Research demonstrates improvements in health-related quality of life and blood pressure control in CKD patients
A healthcare intervention developed by researchers at the University of Manchester and funded by the National Institute for Health Research (NIHR) Collaboration for Leadership in Applied Health Research and Care (CLAHRC) Greater Manchester has been shown to have significant health benefits for patients with chronic kidney disease (CKD). Using novel methods to support self-management, the intervention produced improvements in health-related quality of life and the maintenance of blood pressure control.
There is a need for new models of self-management support because it has proved difficult to implement self-management support for people with long-term conditions in traditional primary care settings. This has encouraged the development of alternative models which utilise personal networks and actively link people to community resources.
There is also a need to provide better support for people with chronic kidney disease (CKD). Effective management of CKD may prevent progression of the disease and reduce the risk of cardiovascular events. A key element of recommended practice is to offer high-quality education at appropriate stages of the person’s condition to enable understanding and informed choices about treatment. However, there have been concerns among GPs and nurses that raising awareness of early stage CKD could have detrimental effects on patients because of raised anxiety.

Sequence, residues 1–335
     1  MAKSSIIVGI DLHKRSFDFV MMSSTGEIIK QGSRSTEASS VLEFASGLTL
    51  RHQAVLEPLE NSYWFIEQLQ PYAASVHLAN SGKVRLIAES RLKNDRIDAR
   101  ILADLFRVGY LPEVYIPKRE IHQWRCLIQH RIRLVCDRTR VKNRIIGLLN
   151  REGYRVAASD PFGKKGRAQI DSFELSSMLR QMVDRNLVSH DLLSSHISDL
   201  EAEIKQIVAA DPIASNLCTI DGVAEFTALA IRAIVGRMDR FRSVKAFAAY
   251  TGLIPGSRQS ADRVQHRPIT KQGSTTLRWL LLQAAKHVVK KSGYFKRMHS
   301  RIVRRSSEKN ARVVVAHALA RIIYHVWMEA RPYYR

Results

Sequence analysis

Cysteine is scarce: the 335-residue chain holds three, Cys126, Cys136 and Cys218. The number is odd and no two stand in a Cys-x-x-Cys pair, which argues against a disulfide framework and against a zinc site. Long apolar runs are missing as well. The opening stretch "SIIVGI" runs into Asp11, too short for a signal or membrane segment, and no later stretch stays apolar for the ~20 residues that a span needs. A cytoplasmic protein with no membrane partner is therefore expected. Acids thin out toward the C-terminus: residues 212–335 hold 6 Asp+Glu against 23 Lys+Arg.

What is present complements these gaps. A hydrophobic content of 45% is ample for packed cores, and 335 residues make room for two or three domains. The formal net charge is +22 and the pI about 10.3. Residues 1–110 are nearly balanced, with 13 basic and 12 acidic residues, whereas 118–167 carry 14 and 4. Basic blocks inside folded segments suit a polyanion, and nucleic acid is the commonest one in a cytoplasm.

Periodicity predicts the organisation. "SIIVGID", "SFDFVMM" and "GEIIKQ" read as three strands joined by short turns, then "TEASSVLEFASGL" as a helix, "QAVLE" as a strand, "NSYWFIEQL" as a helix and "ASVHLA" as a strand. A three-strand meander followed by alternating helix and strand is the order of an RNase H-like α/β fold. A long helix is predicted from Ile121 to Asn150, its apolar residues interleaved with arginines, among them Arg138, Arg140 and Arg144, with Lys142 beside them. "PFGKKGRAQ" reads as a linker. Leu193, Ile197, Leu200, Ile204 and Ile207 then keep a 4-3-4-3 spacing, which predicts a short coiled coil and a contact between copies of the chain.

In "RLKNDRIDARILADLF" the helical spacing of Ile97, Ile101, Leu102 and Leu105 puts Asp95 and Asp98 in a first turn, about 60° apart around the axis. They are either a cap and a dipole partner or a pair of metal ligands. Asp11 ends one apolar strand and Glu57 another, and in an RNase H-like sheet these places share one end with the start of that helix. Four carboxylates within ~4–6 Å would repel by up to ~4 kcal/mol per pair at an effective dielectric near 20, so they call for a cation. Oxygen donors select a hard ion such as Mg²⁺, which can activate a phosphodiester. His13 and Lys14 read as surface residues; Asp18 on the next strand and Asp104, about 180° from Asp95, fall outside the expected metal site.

With a particular focus on the interface between primary care and resources in the community, the BRIGHT intervention was delivered to patients with stage 3 CKD and entailed provision of: 1) a kidney information guidebook that incorporated both clinical and lay knowledge; 2) a booklet and interactive website (plansforyourhealth.org) to signpost access to community resources; and 3) telephone-guided help from a lay health worker.
436 patients with a diagnosis of stage 3 CKD were recruited from 24 general practices in Greater Manchester. Patients were randomised to intervention (215) or usual care (221). At 6 months, the intervention was associated with significant improvements in health-related quality of life and blood pressure control, which was maintained in the intervention group but not in the control group. The intervention group also reported a reduction in healthcare costs compared with control.
Dr Christian Blickem, joint lead of the BRIGHT trial, said:
“The BRIGHT trial highlights the potential benefits of patient involvement in the development of information resources as well as potential benefits of widening the types of support offered to people with long-term conditions, in particular by shifting the emphasis towards supporting access to community resources and personal networks of support.”
Dr Tom Blakeman, joint lead of the BRIGHT trial, added:
“This study also provides a model for informing patients about the diagnosis in the context of the maintenance of general vascular health, with good evidence for benefits in both clinical and quality of life outcomes and no noticeable increase in anxiety.”
The full results of the research have been published online and are available via PLOS ONE.